Astronomical ocean rates, containers in the wrong locations, tight capacity in both trucking and air freight, and shortages of critical components. These are among the issues logistics managers have been dealing with for a couple of years now. It is often noted that supply chain is strategic while logistics is tactical. Day to day logistics consists of planning, execution, and problem solving. Right now it seems that the job is mostly problem solving. This certainly leads to frustration for all parties.
Changing forwarders or other LSPs (Logistics Service Providers) as a solution may be tempting but futile. LSPs are struggling to serve existing clients as best they can. Sales departments are always looking to grow their customer base and, at the same time, maintain existing accounts. Relationships are still the key ingredient and every LSP that I know is working diligently to manage their business.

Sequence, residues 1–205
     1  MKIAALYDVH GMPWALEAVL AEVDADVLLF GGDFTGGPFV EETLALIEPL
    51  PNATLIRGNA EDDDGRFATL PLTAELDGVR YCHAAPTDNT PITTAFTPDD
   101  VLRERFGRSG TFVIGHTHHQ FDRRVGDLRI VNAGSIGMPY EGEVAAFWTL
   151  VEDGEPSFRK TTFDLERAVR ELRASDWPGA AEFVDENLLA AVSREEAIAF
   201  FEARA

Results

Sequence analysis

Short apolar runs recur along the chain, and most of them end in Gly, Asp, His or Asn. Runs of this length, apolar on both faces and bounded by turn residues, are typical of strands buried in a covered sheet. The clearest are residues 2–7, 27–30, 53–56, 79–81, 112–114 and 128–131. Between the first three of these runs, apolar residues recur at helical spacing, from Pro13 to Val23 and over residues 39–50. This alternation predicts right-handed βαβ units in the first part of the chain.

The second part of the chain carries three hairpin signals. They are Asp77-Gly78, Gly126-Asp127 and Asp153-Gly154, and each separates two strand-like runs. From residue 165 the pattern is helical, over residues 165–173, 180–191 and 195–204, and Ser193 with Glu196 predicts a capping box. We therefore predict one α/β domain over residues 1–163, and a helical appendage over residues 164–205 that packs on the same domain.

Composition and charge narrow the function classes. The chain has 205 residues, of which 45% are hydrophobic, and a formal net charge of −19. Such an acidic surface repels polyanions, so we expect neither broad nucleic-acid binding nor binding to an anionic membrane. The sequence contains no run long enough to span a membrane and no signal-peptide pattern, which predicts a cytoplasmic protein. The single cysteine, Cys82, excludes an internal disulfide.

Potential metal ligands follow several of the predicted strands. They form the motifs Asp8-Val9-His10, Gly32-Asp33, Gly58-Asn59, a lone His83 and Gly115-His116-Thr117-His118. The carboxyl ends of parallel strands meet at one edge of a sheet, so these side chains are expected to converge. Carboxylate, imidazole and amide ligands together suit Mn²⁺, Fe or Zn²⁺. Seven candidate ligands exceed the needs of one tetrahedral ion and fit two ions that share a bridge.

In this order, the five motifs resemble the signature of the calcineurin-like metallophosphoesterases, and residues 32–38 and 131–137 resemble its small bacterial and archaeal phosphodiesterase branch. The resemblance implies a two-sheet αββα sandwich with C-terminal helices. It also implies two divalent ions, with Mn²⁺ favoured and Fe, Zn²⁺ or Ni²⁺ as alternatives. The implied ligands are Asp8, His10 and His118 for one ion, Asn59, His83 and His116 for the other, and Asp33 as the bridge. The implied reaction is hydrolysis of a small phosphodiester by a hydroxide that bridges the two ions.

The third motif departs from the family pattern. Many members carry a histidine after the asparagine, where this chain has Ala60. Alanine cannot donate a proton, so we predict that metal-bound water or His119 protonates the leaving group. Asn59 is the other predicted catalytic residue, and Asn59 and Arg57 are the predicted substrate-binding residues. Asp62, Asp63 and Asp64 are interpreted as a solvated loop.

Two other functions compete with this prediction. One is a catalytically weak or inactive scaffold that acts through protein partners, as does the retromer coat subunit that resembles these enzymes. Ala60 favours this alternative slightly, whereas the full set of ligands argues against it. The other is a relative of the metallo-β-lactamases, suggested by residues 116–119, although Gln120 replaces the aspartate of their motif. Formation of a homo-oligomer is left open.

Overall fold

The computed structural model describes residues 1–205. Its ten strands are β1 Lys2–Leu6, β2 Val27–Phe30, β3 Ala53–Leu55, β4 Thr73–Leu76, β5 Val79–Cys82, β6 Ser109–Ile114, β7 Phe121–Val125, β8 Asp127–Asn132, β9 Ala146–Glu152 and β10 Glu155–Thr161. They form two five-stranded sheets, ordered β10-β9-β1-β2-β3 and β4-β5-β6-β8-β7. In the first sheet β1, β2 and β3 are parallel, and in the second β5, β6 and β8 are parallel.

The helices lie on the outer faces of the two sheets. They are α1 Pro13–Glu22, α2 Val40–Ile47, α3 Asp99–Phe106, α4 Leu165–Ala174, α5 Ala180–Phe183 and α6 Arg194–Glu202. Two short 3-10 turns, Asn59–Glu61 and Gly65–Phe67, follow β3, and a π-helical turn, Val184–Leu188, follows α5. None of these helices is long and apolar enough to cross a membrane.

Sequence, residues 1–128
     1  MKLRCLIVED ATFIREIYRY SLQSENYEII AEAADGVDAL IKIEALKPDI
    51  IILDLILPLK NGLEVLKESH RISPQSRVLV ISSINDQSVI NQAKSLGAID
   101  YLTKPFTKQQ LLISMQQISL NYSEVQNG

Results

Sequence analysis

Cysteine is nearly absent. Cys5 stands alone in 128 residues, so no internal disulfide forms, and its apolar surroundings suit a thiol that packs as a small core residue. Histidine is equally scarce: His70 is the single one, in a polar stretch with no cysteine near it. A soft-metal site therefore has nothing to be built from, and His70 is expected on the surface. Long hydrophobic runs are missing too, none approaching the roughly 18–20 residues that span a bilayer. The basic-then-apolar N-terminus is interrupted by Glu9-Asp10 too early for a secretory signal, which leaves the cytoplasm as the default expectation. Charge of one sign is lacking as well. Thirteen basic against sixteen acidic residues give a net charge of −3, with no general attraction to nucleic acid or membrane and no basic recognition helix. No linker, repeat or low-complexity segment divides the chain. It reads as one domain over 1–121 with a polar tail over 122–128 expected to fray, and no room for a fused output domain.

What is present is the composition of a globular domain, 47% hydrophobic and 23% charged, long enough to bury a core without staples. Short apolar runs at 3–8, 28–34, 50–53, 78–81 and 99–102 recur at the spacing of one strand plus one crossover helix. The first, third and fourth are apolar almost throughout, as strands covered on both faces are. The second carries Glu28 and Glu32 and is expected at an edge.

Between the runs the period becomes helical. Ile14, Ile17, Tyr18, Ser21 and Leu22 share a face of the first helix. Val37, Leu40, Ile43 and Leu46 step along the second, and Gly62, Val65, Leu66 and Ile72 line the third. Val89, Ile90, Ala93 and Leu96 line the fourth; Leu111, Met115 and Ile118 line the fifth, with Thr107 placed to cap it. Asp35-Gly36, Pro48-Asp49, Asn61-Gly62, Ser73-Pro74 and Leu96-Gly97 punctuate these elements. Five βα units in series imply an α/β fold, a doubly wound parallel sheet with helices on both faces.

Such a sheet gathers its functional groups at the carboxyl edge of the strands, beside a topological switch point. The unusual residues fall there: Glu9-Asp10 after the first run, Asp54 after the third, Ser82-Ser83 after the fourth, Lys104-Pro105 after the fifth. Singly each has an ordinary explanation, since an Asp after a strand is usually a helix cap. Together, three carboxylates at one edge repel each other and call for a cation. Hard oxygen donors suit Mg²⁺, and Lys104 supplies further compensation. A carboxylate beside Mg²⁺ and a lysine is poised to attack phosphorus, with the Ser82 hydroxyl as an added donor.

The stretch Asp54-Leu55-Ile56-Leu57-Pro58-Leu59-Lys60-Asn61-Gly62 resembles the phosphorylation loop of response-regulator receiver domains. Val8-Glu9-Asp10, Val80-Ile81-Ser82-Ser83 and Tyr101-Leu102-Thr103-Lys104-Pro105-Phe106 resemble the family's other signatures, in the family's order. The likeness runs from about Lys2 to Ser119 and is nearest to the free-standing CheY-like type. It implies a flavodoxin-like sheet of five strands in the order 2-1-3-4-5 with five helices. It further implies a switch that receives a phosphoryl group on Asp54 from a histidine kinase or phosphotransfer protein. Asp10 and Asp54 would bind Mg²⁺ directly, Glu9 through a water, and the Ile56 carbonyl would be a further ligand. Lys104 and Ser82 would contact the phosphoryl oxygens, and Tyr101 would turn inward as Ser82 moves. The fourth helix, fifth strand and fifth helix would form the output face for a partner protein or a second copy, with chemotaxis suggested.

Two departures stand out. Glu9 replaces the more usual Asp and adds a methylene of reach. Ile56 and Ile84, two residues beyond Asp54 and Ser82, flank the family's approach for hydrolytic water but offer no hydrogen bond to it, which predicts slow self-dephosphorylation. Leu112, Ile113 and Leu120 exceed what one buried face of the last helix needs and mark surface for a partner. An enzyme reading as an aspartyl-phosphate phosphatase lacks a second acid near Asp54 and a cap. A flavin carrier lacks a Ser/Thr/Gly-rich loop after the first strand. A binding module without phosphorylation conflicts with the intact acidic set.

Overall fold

Freight forwarders are intermediaries and have relationships of their own with ocean and air carriers. The strength of these relationships gives them the bandwidth to provide service to importers and exporters. They work with but don’t control overall capacity and rates.
Many of my posts are about compliance. While responsibility for compliance remains with the USPPI, LSPs can be a valuable resource. Expertise in compliance and documentation is certainly important but first they need to be able to move the freight.
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